Richie Benaud

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Richard "Richie" Benaud OBE (pronounced /ˈbɛnoʊ/) (born October 6, 1930, in Penrith, New South Wales) is a former Australian cricketer who, since his retirement from international cricket in 1964, has become a highly regarded commentator on the game.

Benaud was a world-class Test cricket all-rounder, blending thoughtful leg spin bowling with lower order batting aggression. Along with fellow bowling all rounder Alan Davidson, he helped restore Australia to the top of world cricket in the late 1950s and early 1960s after a slump in the early 1950s. In 1958 he became captain of the Australian cricket team and, until his retirement in 1964, took international cricket into the modern era by emphasising the need for positive play, using his media expertise to communicate his and his team's goals clearly and effectively.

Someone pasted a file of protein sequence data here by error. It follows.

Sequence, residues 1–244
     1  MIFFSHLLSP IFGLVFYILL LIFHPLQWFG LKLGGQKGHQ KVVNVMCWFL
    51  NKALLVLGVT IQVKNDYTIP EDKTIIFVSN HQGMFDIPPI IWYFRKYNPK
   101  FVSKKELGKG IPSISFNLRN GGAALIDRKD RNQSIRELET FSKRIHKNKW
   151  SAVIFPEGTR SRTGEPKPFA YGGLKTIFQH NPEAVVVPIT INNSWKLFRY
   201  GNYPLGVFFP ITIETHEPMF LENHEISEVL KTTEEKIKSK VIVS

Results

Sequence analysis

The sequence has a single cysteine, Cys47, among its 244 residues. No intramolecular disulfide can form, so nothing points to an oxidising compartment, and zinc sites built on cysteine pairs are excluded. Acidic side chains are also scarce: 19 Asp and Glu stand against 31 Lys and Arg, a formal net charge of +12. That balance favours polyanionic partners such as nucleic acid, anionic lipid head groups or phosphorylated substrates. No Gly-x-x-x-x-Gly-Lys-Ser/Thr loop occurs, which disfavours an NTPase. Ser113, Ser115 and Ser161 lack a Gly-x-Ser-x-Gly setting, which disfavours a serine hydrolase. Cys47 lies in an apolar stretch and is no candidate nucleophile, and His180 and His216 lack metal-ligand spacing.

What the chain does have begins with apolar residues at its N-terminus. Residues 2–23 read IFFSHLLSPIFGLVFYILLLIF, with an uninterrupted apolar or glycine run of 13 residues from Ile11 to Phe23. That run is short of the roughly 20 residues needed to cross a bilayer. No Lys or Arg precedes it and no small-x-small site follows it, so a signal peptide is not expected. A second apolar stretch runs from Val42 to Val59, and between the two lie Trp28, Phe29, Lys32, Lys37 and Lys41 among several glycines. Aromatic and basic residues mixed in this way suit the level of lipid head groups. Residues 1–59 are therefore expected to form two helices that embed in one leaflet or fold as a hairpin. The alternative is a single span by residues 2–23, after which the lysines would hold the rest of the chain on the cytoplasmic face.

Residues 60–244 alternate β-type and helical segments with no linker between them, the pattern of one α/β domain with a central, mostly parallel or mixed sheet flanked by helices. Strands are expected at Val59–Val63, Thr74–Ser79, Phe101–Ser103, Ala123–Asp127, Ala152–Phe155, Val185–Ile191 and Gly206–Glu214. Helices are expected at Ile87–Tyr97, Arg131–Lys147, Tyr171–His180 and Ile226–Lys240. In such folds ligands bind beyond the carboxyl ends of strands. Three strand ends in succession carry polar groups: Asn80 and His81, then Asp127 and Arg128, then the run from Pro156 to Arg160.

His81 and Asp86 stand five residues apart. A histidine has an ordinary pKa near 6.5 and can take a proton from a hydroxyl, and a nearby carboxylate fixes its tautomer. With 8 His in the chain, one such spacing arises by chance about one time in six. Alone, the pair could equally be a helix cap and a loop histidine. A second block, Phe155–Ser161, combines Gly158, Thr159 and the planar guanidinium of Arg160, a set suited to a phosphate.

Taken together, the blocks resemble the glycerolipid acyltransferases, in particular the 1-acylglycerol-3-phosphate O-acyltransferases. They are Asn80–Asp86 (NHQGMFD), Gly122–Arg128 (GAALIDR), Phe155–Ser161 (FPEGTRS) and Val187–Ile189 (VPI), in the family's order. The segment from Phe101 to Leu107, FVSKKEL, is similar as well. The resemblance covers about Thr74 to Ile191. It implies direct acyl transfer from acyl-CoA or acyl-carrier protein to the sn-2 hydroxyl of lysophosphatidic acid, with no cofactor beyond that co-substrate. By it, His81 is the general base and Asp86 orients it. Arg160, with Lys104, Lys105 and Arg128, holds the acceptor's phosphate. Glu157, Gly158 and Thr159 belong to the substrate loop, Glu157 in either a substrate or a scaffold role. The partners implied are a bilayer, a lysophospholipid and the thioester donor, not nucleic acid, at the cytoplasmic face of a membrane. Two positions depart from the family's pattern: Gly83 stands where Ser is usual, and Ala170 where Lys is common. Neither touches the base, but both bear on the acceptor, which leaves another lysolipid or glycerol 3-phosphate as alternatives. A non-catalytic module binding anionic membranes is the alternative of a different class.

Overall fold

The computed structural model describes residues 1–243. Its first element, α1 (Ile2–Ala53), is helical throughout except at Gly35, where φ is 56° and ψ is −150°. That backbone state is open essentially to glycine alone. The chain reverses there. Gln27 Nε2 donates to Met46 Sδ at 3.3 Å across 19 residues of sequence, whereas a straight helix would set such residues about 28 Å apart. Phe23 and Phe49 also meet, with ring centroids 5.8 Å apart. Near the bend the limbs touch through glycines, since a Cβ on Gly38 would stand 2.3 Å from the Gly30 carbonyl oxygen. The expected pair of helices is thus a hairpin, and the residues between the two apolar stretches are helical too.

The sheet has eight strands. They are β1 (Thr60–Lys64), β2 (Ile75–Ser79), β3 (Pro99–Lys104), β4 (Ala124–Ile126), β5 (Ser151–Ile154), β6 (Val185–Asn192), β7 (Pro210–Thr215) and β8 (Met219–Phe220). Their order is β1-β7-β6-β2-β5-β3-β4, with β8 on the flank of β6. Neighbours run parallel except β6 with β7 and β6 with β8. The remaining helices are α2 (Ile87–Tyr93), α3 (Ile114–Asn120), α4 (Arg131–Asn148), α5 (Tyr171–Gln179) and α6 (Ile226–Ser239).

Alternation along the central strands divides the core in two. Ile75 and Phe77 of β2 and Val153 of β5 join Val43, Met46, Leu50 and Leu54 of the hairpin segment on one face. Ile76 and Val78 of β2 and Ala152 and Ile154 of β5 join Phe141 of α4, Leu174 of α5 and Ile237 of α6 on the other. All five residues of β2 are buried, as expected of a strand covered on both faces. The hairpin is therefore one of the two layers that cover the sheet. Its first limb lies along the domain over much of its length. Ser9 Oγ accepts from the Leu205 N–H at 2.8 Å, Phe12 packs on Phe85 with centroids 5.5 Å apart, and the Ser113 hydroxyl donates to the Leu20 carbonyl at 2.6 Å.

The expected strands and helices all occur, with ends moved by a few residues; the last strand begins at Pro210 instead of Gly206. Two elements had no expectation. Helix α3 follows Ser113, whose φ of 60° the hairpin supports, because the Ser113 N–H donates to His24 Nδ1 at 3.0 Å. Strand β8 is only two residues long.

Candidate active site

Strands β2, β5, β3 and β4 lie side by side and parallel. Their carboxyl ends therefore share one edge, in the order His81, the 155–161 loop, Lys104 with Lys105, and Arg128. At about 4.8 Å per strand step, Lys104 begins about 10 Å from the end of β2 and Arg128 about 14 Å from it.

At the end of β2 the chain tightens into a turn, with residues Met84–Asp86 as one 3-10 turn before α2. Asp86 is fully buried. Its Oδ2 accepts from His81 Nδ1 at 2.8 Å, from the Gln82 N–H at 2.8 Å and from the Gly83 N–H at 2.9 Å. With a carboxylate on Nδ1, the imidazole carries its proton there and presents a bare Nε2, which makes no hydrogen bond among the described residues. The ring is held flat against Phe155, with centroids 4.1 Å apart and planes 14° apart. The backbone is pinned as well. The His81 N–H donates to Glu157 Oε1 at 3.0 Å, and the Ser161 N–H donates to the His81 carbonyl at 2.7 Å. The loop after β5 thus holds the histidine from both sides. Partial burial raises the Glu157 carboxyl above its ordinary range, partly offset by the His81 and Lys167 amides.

Gideon Haigh described him as "... perhaps the most influential cricketer and cricket personality since the Second World War."[1] In his review of Benaud's autobiography Anything But, Sri Lankan cricket writer Harold de Andrado wrote: "Richie Benaud possibly next to Sir Don Bradman has been one of the greatest cricketing personalities as, player, researcher, writer, critic, author, organiser, adviser and student of the game."[2]

He was made a Member of the Order of the British Empire in 1961 for services to cricket.

In 2007, he was inducted in the Australian Cricket Hall of Fame at the Allan Border Medal award evening and in 2009 he was inducteed into the ICC Cricket Hall of Fame.[3]


Early years

Benaud came from a cricket family. His father Louis, a third generation Australian of French Huguenot descent,[4] was a leg spinner who played for Penrith in Sydney Grade Cricket, in 1922-23 gaining attention for taking all twenty wickets in a match against St. Marys for 65 runs. Lou later moved to Parramatta region in western Sydney, and played for Cumberland. It was here that Richie Benaud grew up, learning how to bowl leg breaks, googlies and topspinners under his father's watch.[4] Educated at Parramatta High School, Benaud made his first grade debut for Cumberland at age 16, primarily as a batsman.[5]

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